Great Scott Gadgets

open source hardware for innovative people

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Wassenaar Comments


Today I submitted the following comment on the Bureau of Industry and Security (BIS) Proposed Rule: Wassenaar Arrangement Plenary Agreements Implementation; Intrusion and Surveillance Items.

Thank you for inviting comments on the Wassenaar Arrangement Plenary Agreements Implementation for Intrusion and Surveillance Items. As a member of the information security community, I am concerned about the effects of the proposed implementation on my industry.

I'll keep this brief by voicing support for the comments made by other prominent members of the community: Google, Katie Moussouris, Robert Graham, and Sergey Bratus et al.

My greatest concern is clarity of the proposed rule. If you must provide an answer to a frequently asked question about what a rule means, it may be because the rule was not written clearly. I was particularly troubled by the publication of the FAQ regarding the proposed rule, partly because it indicated a lack of clarity in the rule but also because the answers didn't seem much clearer. Had the answers been clear, I would still be concerned that the text of the rule would not be interpreted in the future in the same manner as your present interpretation. The text matters, and it is overbroad and unclear even to well informed members of the information security community.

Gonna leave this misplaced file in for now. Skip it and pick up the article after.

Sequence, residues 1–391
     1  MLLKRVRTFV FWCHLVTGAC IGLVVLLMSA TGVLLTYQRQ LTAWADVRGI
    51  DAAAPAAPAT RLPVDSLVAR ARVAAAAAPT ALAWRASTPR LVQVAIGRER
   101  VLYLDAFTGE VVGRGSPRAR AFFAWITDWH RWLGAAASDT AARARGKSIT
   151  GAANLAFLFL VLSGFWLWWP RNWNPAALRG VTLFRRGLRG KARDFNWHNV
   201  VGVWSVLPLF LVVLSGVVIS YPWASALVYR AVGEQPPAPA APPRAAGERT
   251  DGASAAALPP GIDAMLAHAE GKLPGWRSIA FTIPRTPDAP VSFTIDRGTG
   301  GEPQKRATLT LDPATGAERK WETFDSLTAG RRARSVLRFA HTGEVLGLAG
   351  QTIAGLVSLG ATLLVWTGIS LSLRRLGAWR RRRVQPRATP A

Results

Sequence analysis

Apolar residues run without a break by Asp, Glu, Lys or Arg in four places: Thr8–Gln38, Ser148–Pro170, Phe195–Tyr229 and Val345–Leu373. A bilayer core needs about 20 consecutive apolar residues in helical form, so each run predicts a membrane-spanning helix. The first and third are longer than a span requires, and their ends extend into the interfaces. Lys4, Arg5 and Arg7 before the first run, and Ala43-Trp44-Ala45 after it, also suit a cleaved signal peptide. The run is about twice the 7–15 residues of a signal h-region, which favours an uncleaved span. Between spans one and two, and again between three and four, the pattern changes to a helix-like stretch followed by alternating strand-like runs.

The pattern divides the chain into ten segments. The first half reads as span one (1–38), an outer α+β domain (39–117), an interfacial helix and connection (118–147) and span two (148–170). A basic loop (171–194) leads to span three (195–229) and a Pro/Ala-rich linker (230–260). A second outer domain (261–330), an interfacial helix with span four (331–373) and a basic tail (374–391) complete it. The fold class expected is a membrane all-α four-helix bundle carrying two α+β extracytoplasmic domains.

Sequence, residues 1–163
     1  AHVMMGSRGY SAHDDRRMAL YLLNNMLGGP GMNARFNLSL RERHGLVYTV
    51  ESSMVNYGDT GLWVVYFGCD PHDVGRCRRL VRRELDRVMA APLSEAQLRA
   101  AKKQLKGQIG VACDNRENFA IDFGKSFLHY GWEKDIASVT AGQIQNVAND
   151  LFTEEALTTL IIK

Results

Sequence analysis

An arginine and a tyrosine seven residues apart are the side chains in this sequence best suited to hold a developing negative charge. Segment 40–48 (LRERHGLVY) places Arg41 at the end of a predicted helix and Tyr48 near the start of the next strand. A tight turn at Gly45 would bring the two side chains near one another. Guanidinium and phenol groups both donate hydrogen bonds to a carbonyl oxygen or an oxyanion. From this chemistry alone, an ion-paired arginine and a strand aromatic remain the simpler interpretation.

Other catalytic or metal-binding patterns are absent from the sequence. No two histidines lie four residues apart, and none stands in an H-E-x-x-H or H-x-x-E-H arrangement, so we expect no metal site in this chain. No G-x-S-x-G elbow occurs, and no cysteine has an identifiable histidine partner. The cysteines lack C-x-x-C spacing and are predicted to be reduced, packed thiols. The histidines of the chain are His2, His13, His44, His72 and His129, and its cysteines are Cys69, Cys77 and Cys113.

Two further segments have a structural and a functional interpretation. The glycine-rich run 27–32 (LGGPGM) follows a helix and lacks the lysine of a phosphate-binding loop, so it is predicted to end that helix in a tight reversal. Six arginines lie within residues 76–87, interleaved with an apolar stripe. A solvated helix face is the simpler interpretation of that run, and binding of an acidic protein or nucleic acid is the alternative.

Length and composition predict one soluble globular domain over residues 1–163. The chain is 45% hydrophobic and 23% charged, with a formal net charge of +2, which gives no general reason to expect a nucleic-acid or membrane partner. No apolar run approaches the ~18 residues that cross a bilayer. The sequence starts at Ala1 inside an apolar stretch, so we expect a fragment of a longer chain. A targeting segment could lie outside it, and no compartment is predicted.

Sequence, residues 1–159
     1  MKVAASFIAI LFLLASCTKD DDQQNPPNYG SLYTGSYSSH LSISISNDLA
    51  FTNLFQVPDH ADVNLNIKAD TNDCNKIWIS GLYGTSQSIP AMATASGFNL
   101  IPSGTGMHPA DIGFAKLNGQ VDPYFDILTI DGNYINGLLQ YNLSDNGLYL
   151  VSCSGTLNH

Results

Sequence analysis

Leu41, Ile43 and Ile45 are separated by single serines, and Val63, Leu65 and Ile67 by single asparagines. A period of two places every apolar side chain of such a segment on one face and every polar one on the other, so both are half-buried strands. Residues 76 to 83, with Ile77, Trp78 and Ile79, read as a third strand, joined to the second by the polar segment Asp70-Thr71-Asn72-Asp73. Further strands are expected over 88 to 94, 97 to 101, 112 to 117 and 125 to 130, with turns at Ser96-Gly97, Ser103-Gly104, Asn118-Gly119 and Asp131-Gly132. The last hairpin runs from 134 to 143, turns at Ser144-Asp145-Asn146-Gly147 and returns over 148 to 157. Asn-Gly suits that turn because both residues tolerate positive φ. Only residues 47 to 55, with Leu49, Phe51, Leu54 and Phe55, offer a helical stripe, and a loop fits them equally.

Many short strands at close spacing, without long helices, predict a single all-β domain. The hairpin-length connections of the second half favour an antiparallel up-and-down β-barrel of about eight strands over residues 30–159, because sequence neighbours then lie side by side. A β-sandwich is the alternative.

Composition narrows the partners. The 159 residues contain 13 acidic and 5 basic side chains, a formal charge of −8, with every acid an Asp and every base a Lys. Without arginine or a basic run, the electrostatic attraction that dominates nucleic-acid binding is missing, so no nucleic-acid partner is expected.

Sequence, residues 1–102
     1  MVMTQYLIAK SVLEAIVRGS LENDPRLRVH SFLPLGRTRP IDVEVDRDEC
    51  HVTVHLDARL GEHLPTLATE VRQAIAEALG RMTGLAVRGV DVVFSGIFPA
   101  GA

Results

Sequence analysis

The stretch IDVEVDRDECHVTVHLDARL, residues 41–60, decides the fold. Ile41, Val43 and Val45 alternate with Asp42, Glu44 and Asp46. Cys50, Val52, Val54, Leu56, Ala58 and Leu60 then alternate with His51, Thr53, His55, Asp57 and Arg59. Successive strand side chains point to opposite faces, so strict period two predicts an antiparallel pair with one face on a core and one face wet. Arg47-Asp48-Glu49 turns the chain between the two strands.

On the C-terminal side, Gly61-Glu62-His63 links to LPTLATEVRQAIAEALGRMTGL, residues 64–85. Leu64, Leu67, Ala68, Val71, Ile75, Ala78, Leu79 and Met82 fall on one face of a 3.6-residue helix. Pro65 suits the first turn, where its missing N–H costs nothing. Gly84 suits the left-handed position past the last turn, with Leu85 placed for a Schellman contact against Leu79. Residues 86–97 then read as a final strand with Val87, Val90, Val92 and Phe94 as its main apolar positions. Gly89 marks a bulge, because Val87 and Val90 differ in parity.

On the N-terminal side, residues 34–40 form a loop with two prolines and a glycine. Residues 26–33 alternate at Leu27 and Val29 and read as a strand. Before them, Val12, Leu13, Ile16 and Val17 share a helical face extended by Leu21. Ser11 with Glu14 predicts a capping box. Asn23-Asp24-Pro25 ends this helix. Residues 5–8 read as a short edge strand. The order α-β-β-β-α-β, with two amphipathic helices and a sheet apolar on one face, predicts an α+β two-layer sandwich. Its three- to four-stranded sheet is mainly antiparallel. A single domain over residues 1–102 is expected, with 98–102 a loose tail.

Unfortunately, computer security is an unsolved problem. The people who are working to improve the state of the art of computer security are diverse members of a global community of researchers. The proposed rule directly prevents the sharing of information among those researchers, and it will have a negative impact on the security of computing systems and software for the entire world.

Software is a form of information, and control of the flow of information is very different from control of the transport of physical goods. I urge you to remove software from the scope of the Wassenaar Arrangement at the annual meeting of Wassenaar Arrangement members in December 2015.

Black Hat Student Pass


If you are a full-time university student and would like a free ticket to this summer's Black Hat Briefings, send an email to freestuff@greatscottgadgets.com today. We have two tickets to give away, and we would like to give them to students who share our interests. You must meet Black Hat's criteria, and you will be responsible for your own travel and lodging.

We'll be busy at Black Hat USA this year. I'm teaching two sessions of my Software Defined Radio class, and I will be giving a talk at the Briefings about the NSA Playset. Additionally, Taylor and I will show off a new project called YARD Stick One at the Black Hat Arsenal.

HackRF One at 1 MHz


We've decided to advertise the fact that HackRF One operates all the way down to 1 MHz, not just to 10 MHz. This isn't a change to the hardware design; it is simply an acknowledgment that the hardware has always worked at such low frequencies and that we support operation down to 1 MHz.

transmit power plot

In fact, HackRF One can even function below 1 MHz, but the performance drops considerably as the frequency decreases. The curve is reasonably flat down to about 1 MHz, so we consider that to be the lower limit for most uses.